I have said for a while now that I’m not having a faith crisis, because my faith in God, and in Christ, remains intact. “I haven’t lost my faith, I just don’t believe I should be putting that faith in the church anymore. I have faith in God.” Or something like that. But if faith is a trust in God and his love, then maybe I am having a faith crisis, because sometimes I can’t seem to find the love amid the turbulence.
I can’t seem to get God’s love to be louder than the cacophony of answers and responses the church gives me. I’ve heard that I’m not smart enough, I’m not well-adjusted enough, I’m not hearing the spirit enough, I’m not serving enough, I’m not reading the scriptures enough, I’m not praying enough. Whenever I feel drawn to something lovely or of good report and praiseworthy, it’s immediately contradicted by some church voice that tells me to be careful, don’t be deceived, and don’t be like Korihor. For every doubt there is an apology, and for every pain there is someone willing to tell me to suck it up and just get over myself.
I get it, I don’t want to be stuck in a trap of self-pity and taking things too personally either. And I don’t feel offended. I will admit that sometimes my ego is triggered when I know I’ve worked really hard to come to some new more loving understanding of God and then the church seems to catch up, it’s popular now because some famous church guru said so, and what once made me an outsider is now a reasonable part of their culture. Except the doctrines don’t change, so it’s like everyone just pretends for a little while until the trend passes through. Regardless, I should be happy for them, but my ego gets mad. It comes and goes. I don’t stay mad. Ultimately, love wins. So, I don’t generally feel offended, no matter how many times I get bugged by how much the church can feel like voting for homecoming queen.
I try to just stay focused on what I’m being drawn to. And while this means I’m sometimes being drawn away from the doctrines of the church, I try to not look back and focus on the “away” part. I try to stay faithful. But I often can’t hear God above all of the other voices. I can’t sit still and just listen because I hear, “don’t be apathetic and complacent.” I can’t rest in grace because I hear, “be anxiously engaged in a good cause.” I can’t let myself be okay with things not landing for me because I hear, “if you were well-adjusted you wouldn’t think that way,” or “if you understood the doctrine you wouldn’t feel that way.” I can’t really talk to anyone about it without fear, or be as publicly vulnerable as I authentically am, because I hear, “be careful what you post online,” and “if you don’t want to have consequences you need to keep it to yourself.” I can’t fully settle into God’s love because I hear, “love is conditional,” and “we must qualify to be in the presence of God.” There are so many voices and I feel like I’m going literally crazy.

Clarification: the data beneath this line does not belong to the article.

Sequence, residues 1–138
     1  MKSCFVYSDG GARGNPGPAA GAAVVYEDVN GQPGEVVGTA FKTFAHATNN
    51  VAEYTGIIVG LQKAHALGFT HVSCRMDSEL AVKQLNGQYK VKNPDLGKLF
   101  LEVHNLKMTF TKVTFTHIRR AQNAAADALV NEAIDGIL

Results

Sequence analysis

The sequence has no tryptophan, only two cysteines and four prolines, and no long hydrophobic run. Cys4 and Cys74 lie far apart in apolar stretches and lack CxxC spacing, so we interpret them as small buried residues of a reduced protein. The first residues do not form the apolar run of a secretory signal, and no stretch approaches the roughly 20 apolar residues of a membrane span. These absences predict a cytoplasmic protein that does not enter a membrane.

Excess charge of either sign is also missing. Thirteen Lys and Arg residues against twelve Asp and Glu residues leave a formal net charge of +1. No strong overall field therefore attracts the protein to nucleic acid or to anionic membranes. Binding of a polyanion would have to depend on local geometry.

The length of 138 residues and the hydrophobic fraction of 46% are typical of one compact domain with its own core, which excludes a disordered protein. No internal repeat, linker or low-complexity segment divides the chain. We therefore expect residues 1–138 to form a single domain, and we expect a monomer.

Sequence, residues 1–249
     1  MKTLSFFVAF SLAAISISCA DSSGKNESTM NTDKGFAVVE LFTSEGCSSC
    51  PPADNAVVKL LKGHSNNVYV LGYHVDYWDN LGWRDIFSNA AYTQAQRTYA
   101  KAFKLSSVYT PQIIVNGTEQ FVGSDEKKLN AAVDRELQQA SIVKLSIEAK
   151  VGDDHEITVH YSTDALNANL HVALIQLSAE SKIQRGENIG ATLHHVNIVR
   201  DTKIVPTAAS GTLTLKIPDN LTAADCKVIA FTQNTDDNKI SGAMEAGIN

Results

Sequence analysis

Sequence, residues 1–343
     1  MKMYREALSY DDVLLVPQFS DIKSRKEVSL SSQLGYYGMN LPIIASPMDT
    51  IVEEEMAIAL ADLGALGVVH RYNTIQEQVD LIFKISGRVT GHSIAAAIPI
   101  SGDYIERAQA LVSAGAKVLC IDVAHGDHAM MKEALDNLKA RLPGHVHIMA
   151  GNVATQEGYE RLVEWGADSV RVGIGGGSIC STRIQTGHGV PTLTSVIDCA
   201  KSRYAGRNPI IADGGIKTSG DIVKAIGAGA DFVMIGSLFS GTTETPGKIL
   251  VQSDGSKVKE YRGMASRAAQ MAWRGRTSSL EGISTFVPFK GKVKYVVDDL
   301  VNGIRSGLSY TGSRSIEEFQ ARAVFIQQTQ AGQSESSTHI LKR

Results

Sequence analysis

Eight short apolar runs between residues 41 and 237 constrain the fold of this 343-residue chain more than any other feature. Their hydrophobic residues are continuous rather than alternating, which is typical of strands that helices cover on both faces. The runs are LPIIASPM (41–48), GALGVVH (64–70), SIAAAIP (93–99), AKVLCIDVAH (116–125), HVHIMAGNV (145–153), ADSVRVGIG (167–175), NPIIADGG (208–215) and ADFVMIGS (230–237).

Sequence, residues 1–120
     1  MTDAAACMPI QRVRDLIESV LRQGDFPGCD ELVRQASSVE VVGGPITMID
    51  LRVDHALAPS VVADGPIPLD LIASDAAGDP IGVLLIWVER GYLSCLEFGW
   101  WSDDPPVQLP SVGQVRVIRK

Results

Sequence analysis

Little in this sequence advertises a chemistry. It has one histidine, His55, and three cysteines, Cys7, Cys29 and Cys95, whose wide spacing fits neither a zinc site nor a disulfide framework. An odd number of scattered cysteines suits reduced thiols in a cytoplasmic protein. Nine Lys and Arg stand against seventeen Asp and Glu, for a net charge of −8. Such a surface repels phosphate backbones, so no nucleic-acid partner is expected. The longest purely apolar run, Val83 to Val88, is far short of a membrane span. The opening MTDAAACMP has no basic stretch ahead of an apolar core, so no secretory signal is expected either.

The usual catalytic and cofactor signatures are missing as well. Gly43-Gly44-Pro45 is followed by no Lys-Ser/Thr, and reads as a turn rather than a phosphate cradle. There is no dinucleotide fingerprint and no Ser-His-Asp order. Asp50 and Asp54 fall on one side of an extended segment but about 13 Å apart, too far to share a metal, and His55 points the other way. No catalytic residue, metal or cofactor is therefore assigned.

I can’t hear him through all of the #HearHim.
The voices have turned into accusations in my mind. There isn’t a message of love and acceptance that isn’t immediately followed by a call to fall in line with the covenant path that somehow is never the path I’m on, even though my covenant to mourn with those who mourn, comfort those who need comfort, stand as a witness of Christ, and consecrate everything I have and am to the building up of the Kingdom of God is as strong as ever. There is no healing without some shame thrown in for good measure. I need the bleeding to stop long enough for me to be able to crawl out to the alley and touch his hem, but everywhere I turn there is another voice telling me I’m wrong, kicking me away. I can’t get there.
It’s not just “the people”, as some would say. You know that voice, “The church is true, but the people aren’t.” There are a lot of really great loving people in my ward. They know I don’t go around criticizing things at church because I believe church should be a safe place. For everyone. And I do feel their love. But I’m afraid of the times I might make them think they need to shift into rescue mode. Because rescue mode doesn’t seem to be rescuing someone from the damning voices that are blocking them from the love of God. Rescue mode is making sure someone doesn’t lose their testimony and belief in the church, and I don’t want to cause them undue stress or worry. I don’t feel like I belong, regardless of the rhetoric that there is a place for everyone. It’s not their fault. I don’t blame them. Some of the doctrines are responsible for creating the culture as it is.